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Thousands of students across the campuses of Harvard, Brown, Columbia, and Wellesley started their Valentine’s Day mornings with a pink-accented message in their email inbox: Datamatch 2018 results were in and matches were waiting.
This year's iteration of the program marked the first year that Datamatch, the Harvard Computer Society’s 24-year-old digital matchmaking program, expanded to other schools based on popular demand.
In total, nearly 9,000 students completed and submitted surveys, though many students waited to do so until just minutes before the deadline Tuesday night, according to Datamatch team members. Datamatch’s expansion beyond Harvard brought increased participation, with an estimated 4,400 more students looking for digital love this year compared to last year.
“We actually extended the deadline by an hour,” Datamatch lead staffer and "Supreme Cupid" Larry Zhang ’18 said. “So many people were just trying to update their profile last minute, or sign up last minute, so we were like, ‘Okay, you know what? We’re going to give you guys one more hour, we know you guys were procrastinating. We’re going to help you guys out here.’”
When Datamatch results first came out Wednesday morning, the number of students trying to check their matches overwhelmed the site’s servers, leading to error messages and student complaints, according to Datamatch "Stats Cupid" Sara Valente ’19.
“We actually had to expand the capabilities of our tech, and pay extra money this year,” Valente said, speaking about the Computer Society's need to handle the increased amount of traffic on the server.
While HCS has not yet finalized statistics, Valente said Datamatch at Harvard saw roughly 4,300 participants. This year, in addition to regular incentives from Harvard Square vendors like Berryline and Zinneken’s, Harvard Datamatch participants have the chance to receive one of 60 tickets to three showings of Intermission Impossible, the spring show put on by the Hasty Pudding Theatricals.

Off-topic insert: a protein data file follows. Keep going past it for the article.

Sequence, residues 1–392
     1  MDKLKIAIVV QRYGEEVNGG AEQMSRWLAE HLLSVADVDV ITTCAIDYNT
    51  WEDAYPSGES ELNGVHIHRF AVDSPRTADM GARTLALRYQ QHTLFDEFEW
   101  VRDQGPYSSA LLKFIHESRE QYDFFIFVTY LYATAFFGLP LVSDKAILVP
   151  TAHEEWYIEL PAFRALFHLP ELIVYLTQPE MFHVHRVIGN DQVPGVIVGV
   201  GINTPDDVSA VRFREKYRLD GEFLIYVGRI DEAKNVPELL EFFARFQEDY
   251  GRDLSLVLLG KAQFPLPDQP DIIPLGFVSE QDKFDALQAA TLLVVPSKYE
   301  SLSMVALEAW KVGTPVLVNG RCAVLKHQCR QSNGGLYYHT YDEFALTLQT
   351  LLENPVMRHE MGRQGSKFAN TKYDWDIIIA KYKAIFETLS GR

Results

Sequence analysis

Bringing Datamatch to multiple schools presented new challenges for the Datamatch team, according to team members, including a restructuring of the login interface for each school. Despite these challenges, team members said Datamatch found success at other institutions—Brown had about 3,000 participants, Columbia had about 1,000, and Wellesley had about 500, according to Valente.
Brown student Cashen Conroy, who worked with Datamatch to bring the algorithm to Providence, said the novelty of Datamatch excited Brown students.
“Given the size of Brown, it’s easy to go through college here and not meet everyone that you might end up connecting with,” Conroy said. “I think people were excited about the prospect of doing that.”
Wellesley Computer Science Club President Andrea Jackson said Datamatch generated a buzz on campus. She noted that half of all Wellesley participants signed up on the first day Datamatch opened.
“A lot of people were happy to do it even though it was a lot of platonic matching happening,” Jackson said, though she noted that plans to pair Wellesley with another school are in the works.
—Staff writer Simone C. Chu can be reached at firstname.lastname@example.org. Follow her on Twitter @simonechu_.
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